Do you need a Survey on a New Build?

Prinsegate

Prinsegate

Chartered Surveyors

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Buying a home can be costly, and you will likely pay for it over a long period. You must make the right decision and select a property that you not only adore, but that is also suitable to live in and in good condition.

 

When someone buys a new house, the idea of having a survey seems absurd most of the time. It is, after all, brand new. What concerns us is the number of people who are unaware that they should have a qualified chartered surveyor look after their property and, at the very least, conduct a homebuyer report.

 

When people choose to buy a new-build house, they invest in something that they believe will not require any maintenance. The roof will not leak, the gutters will be perfectly sealed, the bathroom and kitchen will be the most recent designs, windows and doors will be perfectly fitted, and the electrics and plumbing will be as up-to-date as possible. In addition, the home is covered by an NHBC guarantee in the event of a problem. All of this appears to be ideal, wouldn’t you say?

 

What can building surveyors find on new-build house surveys?

When wise homebuyers decide to conduct a survey, we frequently discover various issues with the new-build house.

 

It’s an obvious one, but we almost always find niggling issues where a job hasn’t been completed to the standard that it should have been. We’re sure many of the homebuyers will notice a lot of this as well – after all, you want a perfect finish. Some of the flaws are as follows:

 

  • Elements that are not level or plumb.
  • Joinery with carpenter’s pencil marks.
  • Loose socket plates.
  • Tool-scratched or cut plastic frames.
  • Toilets that wobble and taps that are not securely fastened are examples of loose bathroom fixtures.
  • Decorations range from the horrifying to the not-so-horrible but still fearful.
  • Ironmongery that isn’t correctly installed.
  • Fences that aren’t well-maintained.

However, our surveys have revealed more severe problems that could lead to damp, ventilation, and insulation issues, as well as have safety implications in your new home:

 

  • Damp-resistant courses that have been bridged
  • Doors and windows are ill-fitting.
  • Waste pipes and vents are not linked.
  •  Drainage is not linked to the road. It was all because everyone assumed someone else had done it. Yes, really.
  • Staircases that were left out in the open split and warped as soon as they dried out after installation.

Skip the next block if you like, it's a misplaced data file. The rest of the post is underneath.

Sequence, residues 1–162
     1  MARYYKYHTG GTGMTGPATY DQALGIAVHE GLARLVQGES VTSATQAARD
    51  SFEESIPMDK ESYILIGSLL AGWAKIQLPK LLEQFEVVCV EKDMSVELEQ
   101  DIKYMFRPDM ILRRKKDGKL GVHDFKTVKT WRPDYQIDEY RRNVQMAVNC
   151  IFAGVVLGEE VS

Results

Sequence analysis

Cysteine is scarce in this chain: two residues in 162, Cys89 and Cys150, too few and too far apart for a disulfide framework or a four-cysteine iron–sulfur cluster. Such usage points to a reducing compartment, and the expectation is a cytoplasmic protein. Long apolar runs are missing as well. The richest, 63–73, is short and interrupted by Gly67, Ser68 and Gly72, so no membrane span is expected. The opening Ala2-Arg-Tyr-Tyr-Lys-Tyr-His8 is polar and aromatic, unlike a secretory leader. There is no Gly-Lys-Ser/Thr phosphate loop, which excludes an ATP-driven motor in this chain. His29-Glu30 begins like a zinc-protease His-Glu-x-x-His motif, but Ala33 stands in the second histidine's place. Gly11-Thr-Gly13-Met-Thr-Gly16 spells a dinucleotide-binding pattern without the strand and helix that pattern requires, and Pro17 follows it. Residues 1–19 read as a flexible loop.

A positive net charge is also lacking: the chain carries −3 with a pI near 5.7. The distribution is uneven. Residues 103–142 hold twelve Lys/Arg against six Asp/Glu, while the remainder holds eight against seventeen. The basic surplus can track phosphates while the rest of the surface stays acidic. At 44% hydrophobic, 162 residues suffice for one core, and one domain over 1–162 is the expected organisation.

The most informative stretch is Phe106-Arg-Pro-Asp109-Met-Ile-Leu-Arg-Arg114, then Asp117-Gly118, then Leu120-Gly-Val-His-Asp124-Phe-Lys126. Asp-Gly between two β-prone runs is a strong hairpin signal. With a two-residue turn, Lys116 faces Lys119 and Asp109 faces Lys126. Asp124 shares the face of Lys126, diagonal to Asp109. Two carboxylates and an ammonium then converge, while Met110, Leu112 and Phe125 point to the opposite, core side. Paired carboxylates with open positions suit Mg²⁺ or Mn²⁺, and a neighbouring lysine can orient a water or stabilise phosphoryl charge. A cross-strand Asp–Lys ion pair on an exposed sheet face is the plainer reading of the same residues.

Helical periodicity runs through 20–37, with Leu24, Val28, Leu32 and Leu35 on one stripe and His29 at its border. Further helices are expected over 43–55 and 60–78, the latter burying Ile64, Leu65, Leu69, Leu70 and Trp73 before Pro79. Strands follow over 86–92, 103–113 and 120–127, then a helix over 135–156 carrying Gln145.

• Poorly fitted coping stones allow water to penetrate.
  • The render that has been misapplied, is not thick enough and is failing.
  • Sliding door screens that are too heavy to operate.

And these are just a few of the real-life examples we’ve seen.

 

Whatever happens, when you buy a new-build house, try to get a set of construction plans as well as the ‘owners handbook.’ These contain far more information than the handbook. They provide more assistance to anyone seeking to resolve any issues that may arise after purchasing a home. All developers will have a “customer care” package, but take it from us that the “care” is challenging to obtain and the “customer” is overlooked. We are currently dealing with a faulty floor that the developer acknowledges is faulty but refuses to repair because he is “not required to.”

 

Perhaps your reason for not having a survey is that you have an NHBC warranty on your new home and believe that is sufficient. After all, if something goes wrong, you’re covered, right? No, it does not. Regrettably, you cannot rely on this.

 

The NHBC warranty functions as insurance. If there are problems within the first ten years, it is supposed to compensate home buyers or repair any flaws in the new property.


Finally, before you even consider buying and scheduling a surveyor appointment, we recommend you purchase a house that has been completed halfway through the development (provided, of course, that it is on an estate rather than a single new build project).

 

A development site is similar to a factory. No matter how well planned, the first houses are prototypes, and as with any prototype, there may be details and pieces that do not work as well as they should. As a result, avoid purchasing one of the first houses in a development.

 

The houses built at the end of a building development may have all of the problems ironed out, but the developer is often out of money by this point and eager to sell, and the tradesmen on site have fitted 150 kitchens the same way and can’t wait to move on to the next job. The last houses to be finished are frequently rushed. It’s possible that some corners were cut. We, therefore, recommend avoiding purchasing the previous dwellings in the area.

 

Regardless of which you buy, it’s always a good idea to have a new-build house survey done.

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